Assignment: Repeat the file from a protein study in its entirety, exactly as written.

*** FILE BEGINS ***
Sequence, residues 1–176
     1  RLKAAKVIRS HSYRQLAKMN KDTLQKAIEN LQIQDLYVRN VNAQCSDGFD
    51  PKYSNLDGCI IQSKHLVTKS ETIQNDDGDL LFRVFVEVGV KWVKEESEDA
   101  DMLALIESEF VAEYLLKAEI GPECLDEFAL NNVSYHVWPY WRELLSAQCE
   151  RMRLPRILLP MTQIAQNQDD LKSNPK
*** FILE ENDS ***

Sequence, residues 1–176
     1  RLKAAKVIRS HSYRQLAKMN KDTLQKAIEN LQIQDLYVRN VNAQCSDGFD
    51  PKYSNLDGCI IQSKHLVTKS ETIQNDDGDL LFRVFVEVGV KWVKEESEDA
   101  DMLALIESEF VAEYLLKAEI GPECLDEFAL NNVSYHVWPY WRELLSAQCE
   151  RMRLPRILLP MTQIAQNQDD LKSNPK